"And your search ended ... how?" asked Lupin.
"My search," she replied, "long remained without fruit. You know the methods of investigation which you have followed and which the police have followed on their side. Well, I myself employed them, years before either of you did, and in vain. I was beginning to despair. Then, one day, when I had gone to see Daubrecq in his villa at Enghien, I picked up under his writing-table a letter which he had begun to write, crumpled up and thrown into the waste-paper-basket. It consisted of a few lines in bad English; and I was able to read this: 'Empty the crystal within, so as to leave a void which it is impossible to suspect.' Perhaps I should not have attached to this sentence all the importance which it deserved, if Daubrecq, who was out in the garden, had not come running in and begun to turn out the waste-paper-basket, with an eagerness which was very significant. He gave me a suspicious look: 'There was a letter there, ' he said. I pretended not to understand. He did not insist, but his agitation did not escape me; and I continued my quest in this direction. A month later, I discovered, among the ashes in the drawing-room fireplace, the torn half of an English invoice. I gathered that a Stourbridge glass-blower, of the name of John Howard, had supplied Daubrecq with a crystal bottle made after a model. The word 'crystal' struck me at once. I went to Stourbridge, got round the foreman of the glass-works and learnt that the stopper of this bottle had been hollowed out inside, in accordance with the instruction in the order, so as to leave a cavity, the existence of which would escape observation."
Lupin nodded his head:
"The thing tallies beyond a doubt. Nevertheless, it did not seem to me, that, even under the gilt layer ... And then the hiding-place would be very tiny!"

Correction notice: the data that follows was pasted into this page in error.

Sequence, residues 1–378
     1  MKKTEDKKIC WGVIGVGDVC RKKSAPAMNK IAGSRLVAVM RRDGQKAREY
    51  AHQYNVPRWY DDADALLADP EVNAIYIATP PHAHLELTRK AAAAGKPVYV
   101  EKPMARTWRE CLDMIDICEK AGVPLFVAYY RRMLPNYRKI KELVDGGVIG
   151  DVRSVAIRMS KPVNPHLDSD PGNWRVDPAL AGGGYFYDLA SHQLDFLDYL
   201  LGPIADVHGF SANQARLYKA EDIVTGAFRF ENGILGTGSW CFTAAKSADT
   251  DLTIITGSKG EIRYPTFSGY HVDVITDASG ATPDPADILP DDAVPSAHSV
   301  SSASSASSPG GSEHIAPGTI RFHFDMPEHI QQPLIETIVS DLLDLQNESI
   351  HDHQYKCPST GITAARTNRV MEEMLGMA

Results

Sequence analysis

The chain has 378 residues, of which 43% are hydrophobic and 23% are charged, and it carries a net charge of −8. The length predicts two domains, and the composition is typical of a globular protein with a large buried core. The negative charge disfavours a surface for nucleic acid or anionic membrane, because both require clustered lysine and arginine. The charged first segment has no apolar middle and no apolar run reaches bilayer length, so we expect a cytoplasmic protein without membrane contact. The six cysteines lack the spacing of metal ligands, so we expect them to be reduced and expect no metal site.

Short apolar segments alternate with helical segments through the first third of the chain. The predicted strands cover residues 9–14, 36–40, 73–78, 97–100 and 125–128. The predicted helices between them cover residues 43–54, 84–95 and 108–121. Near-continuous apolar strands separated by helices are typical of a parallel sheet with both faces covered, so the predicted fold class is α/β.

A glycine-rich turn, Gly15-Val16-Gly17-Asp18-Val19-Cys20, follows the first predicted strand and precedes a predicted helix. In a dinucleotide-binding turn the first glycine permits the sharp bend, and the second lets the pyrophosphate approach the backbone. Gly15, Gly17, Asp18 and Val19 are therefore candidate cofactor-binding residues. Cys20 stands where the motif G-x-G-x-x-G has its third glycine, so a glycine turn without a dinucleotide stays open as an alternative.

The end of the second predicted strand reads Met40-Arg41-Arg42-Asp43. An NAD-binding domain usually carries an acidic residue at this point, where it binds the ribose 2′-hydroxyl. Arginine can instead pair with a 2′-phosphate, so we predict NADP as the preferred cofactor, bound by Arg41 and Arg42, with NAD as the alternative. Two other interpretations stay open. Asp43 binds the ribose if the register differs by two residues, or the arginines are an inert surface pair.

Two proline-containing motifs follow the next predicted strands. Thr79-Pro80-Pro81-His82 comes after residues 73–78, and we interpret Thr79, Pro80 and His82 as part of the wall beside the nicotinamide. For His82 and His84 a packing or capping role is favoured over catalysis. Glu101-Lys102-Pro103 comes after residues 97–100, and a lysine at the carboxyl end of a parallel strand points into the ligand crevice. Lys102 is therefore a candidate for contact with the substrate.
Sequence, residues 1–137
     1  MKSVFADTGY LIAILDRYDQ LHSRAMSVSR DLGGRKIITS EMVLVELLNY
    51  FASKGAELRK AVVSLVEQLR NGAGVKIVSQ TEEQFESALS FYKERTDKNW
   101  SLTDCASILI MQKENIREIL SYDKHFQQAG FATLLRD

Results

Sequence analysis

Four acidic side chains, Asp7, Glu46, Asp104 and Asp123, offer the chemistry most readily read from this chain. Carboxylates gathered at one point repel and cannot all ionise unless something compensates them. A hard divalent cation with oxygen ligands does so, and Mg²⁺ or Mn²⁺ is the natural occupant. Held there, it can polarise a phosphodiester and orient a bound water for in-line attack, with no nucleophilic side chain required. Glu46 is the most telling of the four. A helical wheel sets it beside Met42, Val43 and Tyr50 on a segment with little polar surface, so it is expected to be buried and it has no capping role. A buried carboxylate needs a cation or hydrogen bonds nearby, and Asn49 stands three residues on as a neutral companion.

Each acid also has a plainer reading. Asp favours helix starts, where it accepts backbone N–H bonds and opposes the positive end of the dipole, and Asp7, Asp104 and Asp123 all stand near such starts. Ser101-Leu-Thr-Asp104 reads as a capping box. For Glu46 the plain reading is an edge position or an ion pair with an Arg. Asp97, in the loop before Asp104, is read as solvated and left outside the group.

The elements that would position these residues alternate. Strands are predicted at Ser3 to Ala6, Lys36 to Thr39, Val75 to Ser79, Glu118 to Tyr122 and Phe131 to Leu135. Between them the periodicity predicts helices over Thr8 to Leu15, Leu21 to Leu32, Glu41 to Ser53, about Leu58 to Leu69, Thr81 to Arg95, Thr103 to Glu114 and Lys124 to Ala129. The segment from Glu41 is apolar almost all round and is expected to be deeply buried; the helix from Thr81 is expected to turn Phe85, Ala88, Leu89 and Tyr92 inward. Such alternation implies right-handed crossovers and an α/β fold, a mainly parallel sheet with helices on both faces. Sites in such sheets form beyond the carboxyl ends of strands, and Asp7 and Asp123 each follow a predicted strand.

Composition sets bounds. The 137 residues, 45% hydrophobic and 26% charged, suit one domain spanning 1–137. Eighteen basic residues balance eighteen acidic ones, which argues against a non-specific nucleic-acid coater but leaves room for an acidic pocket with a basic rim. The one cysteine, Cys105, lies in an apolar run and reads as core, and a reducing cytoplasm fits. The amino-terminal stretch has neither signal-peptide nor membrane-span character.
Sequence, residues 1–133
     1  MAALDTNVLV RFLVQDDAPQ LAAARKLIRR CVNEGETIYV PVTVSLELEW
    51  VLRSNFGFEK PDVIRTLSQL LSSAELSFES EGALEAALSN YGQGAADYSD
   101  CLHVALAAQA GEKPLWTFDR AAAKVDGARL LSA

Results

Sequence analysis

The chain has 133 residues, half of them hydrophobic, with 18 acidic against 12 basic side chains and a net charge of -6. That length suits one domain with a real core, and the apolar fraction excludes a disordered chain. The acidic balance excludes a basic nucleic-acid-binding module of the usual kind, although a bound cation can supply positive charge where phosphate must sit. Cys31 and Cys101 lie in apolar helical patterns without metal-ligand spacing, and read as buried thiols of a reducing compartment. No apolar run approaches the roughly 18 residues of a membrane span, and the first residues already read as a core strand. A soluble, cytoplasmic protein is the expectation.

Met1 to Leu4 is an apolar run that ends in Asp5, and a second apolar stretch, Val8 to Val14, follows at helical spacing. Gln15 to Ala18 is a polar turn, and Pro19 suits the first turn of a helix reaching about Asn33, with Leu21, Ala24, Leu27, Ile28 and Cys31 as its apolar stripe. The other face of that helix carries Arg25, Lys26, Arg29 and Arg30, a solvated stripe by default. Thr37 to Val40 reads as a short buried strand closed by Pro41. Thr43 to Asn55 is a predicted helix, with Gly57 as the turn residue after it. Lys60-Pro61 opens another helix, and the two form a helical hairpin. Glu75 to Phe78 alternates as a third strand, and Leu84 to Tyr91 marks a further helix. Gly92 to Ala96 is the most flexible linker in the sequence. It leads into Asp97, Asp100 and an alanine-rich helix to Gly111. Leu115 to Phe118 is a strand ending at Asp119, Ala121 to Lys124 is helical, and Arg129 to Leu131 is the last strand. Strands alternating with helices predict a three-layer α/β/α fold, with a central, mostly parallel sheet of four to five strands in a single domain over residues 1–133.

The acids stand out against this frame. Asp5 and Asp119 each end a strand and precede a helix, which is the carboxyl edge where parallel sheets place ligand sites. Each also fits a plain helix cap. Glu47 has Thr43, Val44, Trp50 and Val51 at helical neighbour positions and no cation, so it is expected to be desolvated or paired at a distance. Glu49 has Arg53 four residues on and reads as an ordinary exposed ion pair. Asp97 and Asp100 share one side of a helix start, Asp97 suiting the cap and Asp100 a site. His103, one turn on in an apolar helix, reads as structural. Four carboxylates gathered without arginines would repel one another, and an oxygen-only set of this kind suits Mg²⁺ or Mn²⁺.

"Tiny, but large enough," she said. "On my return from England, I went to the police-office to see Prasville, whose friendship for me had remained unchanged. I did not hesitate to tell him, first, the reasons which had driven my husband to suicide and, secondly, the object of revenge which I was pursuing. When I informed him of my discoveries, he jumped for joy; and I felt that his hatred for Daubrecq was as strong as ever. I learnt from him that the list was written on a slip of exceedingly thin foreign-post-paper, which, when rolled up into a sort of pellet, would easily fit into an exceedingly limited space. Neither he nor I had the least hesitation. We knew the hiding-place. We agreed to act independently of each other, while continuing to correspond in secret. I put him in touch with Clemence, the portress in the Square Lamartine, who was entirely devoted to me..."
"But less so to Prasville," said Lupin, "for I can prove that she betrays him."
"Now perhaps, but not at the start; and the police searches were numerous. It was at that time, ten months ago, that Gilbert came into my life again. A mother never loses her love for her son, whatever he may do, whatever he may have done. And then Gilbert has such a way with him ... well, you know him. He cried, kissed my little Jacques, his brother and I forgave him."